Remember that investment bankers are the intermediary between a company and investors when the company prepares to issue bonds or stocks.
Firstly, investment banks help clients maximize revenue and price appropriately while navigating regulations.
When a company IPOs, the investment bank buys shares directly and then acts as a proxy, selling shares to the market. Thus, the company offloads a lot of the exhaustive IPO work by contracting out to the IB.
How does an investment bank make money? Since IBs buy and then resell offerings, they mark them up on the resell side; this involves considerable risk, but bankers use their experience to price as appropriately as possible to sell off shares and turn a profit effectively. Investment banks must not overvalue the stock and end up unable to sell it.
Investment Banking Job Description
Interested in hiring an investment banker or pursuing a career in investment banking? This is what a typical job description involves.
- Create financial models to value equity and debt for capital raising transactions and M&As.
- Review pitchbooks, investment materials, and management presentations that are involved in financing clients.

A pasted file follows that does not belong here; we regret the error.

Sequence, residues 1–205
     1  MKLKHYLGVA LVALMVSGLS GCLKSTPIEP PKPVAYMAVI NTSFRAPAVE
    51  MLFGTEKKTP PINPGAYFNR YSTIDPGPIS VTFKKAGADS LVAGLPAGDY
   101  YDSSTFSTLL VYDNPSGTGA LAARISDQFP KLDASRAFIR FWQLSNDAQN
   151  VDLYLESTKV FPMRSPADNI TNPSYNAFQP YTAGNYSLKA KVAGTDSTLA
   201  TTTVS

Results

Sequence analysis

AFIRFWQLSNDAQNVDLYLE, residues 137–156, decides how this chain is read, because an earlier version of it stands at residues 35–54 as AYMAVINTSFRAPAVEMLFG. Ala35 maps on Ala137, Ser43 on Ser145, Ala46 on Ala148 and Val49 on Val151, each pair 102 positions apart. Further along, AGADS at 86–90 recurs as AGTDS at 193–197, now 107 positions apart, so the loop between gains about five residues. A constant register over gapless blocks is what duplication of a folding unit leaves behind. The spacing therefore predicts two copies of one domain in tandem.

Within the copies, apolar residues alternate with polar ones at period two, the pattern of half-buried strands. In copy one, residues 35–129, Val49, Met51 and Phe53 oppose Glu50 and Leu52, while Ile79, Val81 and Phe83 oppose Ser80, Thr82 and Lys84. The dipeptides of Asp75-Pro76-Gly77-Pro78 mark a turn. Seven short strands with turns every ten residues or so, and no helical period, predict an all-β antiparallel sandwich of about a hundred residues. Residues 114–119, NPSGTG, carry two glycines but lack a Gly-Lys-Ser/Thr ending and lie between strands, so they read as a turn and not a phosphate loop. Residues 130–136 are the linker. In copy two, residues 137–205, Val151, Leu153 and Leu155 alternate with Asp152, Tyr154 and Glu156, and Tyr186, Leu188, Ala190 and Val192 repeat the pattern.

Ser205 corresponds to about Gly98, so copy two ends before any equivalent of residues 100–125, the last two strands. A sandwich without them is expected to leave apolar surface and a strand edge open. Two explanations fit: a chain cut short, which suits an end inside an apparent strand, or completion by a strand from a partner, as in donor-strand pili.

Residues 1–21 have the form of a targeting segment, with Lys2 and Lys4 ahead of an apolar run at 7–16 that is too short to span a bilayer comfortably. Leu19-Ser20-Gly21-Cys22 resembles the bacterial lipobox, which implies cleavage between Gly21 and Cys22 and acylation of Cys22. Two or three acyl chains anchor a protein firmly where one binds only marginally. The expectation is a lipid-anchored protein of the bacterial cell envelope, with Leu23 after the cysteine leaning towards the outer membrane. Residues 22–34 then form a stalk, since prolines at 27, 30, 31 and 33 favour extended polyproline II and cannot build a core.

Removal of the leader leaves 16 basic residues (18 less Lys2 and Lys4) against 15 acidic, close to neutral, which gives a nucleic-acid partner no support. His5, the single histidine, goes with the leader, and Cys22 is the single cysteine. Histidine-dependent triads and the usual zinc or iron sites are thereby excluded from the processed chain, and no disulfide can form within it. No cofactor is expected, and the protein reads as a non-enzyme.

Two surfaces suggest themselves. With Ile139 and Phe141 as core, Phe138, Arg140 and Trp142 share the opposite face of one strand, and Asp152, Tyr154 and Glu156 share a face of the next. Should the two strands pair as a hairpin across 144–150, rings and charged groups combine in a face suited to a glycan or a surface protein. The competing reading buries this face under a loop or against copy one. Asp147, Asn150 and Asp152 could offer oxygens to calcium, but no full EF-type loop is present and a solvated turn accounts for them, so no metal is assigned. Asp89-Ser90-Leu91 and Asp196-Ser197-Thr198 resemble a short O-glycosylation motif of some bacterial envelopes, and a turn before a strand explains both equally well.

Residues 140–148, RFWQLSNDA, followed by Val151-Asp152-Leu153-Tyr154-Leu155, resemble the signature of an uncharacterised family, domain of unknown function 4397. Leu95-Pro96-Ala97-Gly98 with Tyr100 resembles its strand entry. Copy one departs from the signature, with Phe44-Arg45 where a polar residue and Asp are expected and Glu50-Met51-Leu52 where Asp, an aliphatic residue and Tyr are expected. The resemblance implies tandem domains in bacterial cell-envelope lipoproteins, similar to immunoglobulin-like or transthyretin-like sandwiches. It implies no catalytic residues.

- Form recommendations for M&As, valuations, product offerings, and private equity transactions.
- Conduct research, analysis, due diligence, and documentation.
- Develop relationships with existing and new clients to grow the firm.
Skills and experience:
- MBA or equivalent
- Bachelor’s degree from a prestigious university
- 3+ years of experience on the quantitative side of a finance career
- Understanding of deal structure and closing principals
- Enjoys fast-paced environments with little supervision
- Strong financial modeling abilities
- Excellent networking and people skills
- Excellent quantitative, research, and analytical skills
Hire The Right Investment Banking Leadership
To effectively oversee all aspects of investment banking, you need exemplary leadership at your helm. Hiring the wrong executive can cost up to $1.5 million, and when clients depend on you, it’s not the time to make that mistake.
Jennings Executive specializes in hiring the best investment banking talent to drive your bank forward. We understand how the industry evolved in the face of COVID-19 and are here to bring in qualified leadership. Learn more today.